Conflict and the growing climate crisis are pushing herders in Somalia to abandon their way of life, the International Committee of the Red Cross (ICRC) has warned.
Erratic weather patterns, droughts and floods have taken their toll on Somali pastoralists, while conflict, COVID-19 and the recent locust infestations have made matters worse.
Stark new footage from the East African nation lays bare the struggles facing herders. Ahmed Mohamud, a herder, said he has lost 50 of his 70 camels while other herders have lost all their livestock.
“There’s no food. The ground is dry,” he said. “This country is known for its refugees. If you lose your animals, you sign up as a refugee, that's what we say. So, there are many people who lost their animals and signed up as refugees.”
Dwindling herds have become commonplace as vegetation, a source of food for the animals, becomes harder to find.
The recurrent nature of climatic shocks, such as droughts and floods, mean herders have little chance to recover. The instability created by conflict further weakens their ability to adapt and find alternative grazing areas.
Mohamed Hassan Gure, another herder, said: “The latest drought, 2021, is the one that destroyed the animals. Before they recovered from the previous drought they were hit by others. Like the locusts. The locusts ate the pastures.
“So the animals did not get anything to eat and that is how they died. There was nothing to give them. They didn't have anything to feed on. We were left with 50 animals. Out of the 50, 30 were killed by the rains. Now 20 are left.”
He added: “Only God knows, but we wonder whether our way of life is in danger. If the droughts continue and the animals get fewer, this way of life is in real danger.”
The frequency of climate-related crises in Somalia is increasing. More than 30 climate-related hazards, including droughts and floods, have hit the country since 1990 – a threefold increase compared to similar events between 1970 and 1990 (OCHA). The recurrent nature of such events makes recovery difficult for communities.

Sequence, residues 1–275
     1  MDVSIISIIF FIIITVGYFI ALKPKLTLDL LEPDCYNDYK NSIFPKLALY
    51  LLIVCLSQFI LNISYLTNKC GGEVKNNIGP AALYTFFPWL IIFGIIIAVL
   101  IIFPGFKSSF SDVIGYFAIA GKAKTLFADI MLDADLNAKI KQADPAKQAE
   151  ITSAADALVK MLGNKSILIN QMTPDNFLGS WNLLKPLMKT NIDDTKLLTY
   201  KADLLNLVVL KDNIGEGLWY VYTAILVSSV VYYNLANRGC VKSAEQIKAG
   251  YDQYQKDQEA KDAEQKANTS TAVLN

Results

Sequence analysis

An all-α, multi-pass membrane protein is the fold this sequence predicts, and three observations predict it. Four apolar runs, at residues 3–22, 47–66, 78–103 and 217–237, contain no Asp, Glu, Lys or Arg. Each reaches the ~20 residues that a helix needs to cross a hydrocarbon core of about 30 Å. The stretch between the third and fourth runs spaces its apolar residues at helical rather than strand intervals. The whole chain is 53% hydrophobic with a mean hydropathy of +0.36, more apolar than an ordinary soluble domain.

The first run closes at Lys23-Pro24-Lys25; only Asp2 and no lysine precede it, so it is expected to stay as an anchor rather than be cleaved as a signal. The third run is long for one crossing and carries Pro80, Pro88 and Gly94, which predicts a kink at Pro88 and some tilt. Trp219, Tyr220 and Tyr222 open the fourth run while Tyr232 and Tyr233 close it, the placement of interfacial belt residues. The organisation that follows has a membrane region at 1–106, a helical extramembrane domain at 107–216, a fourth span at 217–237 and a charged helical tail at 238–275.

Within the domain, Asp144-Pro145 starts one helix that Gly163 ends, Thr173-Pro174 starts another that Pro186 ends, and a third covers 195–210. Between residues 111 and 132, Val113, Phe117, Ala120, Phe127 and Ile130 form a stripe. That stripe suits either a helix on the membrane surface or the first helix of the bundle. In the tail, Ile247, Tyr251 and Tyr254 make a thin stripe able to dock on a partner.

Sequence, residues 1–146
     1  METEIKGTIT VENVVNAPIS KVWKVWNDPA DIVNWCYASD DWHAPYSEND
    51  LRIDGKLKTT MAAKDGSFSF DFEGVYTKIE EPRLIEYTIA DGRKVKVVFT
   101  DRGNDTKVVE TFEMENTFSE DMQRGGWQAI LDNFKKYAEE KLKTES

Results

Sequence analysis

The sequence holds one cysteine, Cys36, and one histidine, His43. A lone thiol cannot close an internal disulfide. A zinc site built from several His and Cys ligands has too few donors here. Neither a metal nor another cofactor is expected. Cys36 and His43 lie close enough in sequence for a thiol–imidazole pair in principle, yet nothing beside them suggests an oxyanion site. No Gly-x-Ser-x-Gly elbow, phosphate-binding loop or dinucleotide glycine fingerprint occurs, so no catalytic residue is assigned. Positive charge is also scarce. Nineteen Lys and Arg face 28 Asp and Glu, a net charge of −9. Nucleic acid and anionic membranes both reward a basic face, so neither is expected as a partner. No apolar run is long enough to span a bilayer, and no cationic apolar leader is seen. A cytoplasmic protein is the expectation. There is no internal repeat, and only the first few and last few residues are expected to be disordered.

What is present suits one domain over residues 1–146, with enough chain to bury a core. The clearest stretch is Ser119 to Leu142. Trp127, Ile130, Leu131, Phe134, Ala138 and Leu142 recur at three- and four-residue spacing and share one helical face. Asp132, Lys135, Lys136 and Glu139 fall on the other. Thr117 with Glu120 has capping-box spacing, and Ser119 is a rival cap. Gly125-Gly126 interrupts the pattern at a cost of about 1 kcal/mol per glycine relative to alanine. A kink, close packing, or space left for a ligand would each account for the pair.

Somalia is ranked as one of the most vulnerable countries to climate change by the ND-GAIN Country Index when it comes to its ability to improve resilience.
Three decades of conflict have weakened the country’s institutions and left some 2.9 million people internally displaced. Competition over scarce natural resources can also increase tensions leading to violence.
“Somalia is a perfect case of [the] disastrous consequences of the combination between climate change and conflict. And how climate change and conflict are working together to worsen an already disastrous humanitarian situation,” said Abdallah Togola, who heads up ICRC’s economic security program in Somalia.
“These extreme weather events due to global warming, climate change, are droughts, floods and cyclones. All these factors now are more frequent, first, and are worse in terms of intensity.”
The ICRC has supported more than 11,000 families who were left in a precarious situation following the prolonged dry season in Somalia this year.
As part of its support, cash grants totaling nearly CHF 900,000 have been sent to these families to help them cope with the harsh conditions and loss of livelihoods.
Note to editors - Available for interview:
Abdallah Togola, ICRC Economic Security Coordinator (Based in Nairobi, Kenya) in English & French
Abdirahman Mohamed Abdullahi, ICRC Communication Officer (Based in Garowe, Somalia) in English
Established in 1863, the ICRC operates worldwide helping people affected by conflict and armed violence and promoting the laws that protect victims of war. A neutral, independent and impartial organization, its mandate stems from the Geneva Conventions of 1949.
In Somalia, the ICRC works with the Somali Red Crescent Society to help people affected by conflict and natural disaster. Click here to find out more
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Location: Mudug region Somalia
Length: 8’ 52’’
Camera: Anisa Hussein Dahir
Editor: Abdikarim Mohamed
Filming Date: 19 July 2021, 20 July 2021Copyright: ICRC access all
On Screen Credit: ICRC or logo
00:00:00:00 - 00:00:07:08 Overhead shot of bones
00:00:07:08 - 00:00:12:08 Close-up of bones
00:00:12:08 - 00:00:37:25 Shot of herders watering the camels in Tula Qorah
00:00:37:25 - 00:00:59:19 SOUNDBITE Ahmed Mohamud, herder